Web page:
Congratulations. Buyers of staffing services pat yourselves on the back. You have won. Margins have declined significantly over the last decade, thanks to VMS. The penetration/adoption of the tool by large companies has lowered margins and created an efficient market place. However, for those of you who have been used to seeing declining margins, please hit the reset button.
The days of putting the squeeze on the supplier are over. Be happy with the fact that today thanks to the VMS you have a contingent workforce marketplace that is well-organized. When an efficient market exists, the quality of the information available is highly accurate. In this case, the pricing of contingent workers have been analyzed thoroughly, broken down in a manner that allows both the supplier and buyer complete visibility into how they are engaged and used. (Gross margin is the finder’s fee -- the amount that is billed to the buyer/company for the temporary worker minus the worker’s pay and benefits.)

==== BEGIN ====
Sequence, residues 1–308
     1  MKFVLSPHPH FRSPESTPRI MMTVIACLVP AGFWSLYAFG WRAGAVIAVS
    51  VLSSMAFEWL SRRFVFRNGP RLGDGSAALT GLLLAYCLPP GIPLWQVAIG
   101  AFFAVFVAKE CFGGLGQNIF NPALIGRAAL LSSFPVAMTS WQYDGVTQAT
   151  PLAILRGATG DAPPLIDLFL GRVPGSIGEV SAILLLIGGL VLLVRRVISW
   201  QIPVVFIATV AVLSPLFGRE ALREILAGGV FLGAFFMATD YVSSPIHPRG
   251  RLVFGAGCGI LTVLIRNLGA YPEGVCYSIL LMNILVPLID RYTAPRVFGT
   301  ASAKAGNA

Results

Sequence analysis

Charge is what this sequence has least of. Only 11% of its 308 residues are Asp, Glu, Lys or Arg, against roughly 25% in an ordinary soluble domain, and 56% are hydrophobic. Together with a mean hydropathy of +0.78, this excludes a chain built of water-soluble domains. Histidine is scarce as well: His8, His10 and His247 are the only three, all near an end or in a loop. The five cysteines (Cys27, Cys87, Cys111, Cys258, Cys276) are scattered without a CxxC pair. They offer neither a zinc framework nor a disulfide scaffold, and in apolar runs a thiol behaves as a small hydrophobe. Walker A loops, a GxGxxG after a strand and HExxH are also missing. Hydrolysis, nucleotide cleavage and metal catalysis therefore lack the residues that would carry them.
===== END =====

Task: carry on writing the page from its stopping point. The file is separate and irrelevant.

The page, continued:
Stable gross margins are not bad for suppliers obviously. They are not losing ground any more. This is due to the fact that the percentage of buyers using the VMS has topped out in the last three-four years. In my opinion, the VMS is a mature product and has penetrated the large corporations as much as it’s probably going to.
As the dust settles, more than ever buyers need to be reasonable. Take the ACA for instance. The recent Staffing Industry Analysts Buyer Survey (currently open) asked companies in North America who’s going to pay the ACA costs. Roughly one-third still expect to pay no part of the ACA. Stable margins, notwithstanding, if you think that the staffing suppliers are going to bear the brunt of these costs, think again.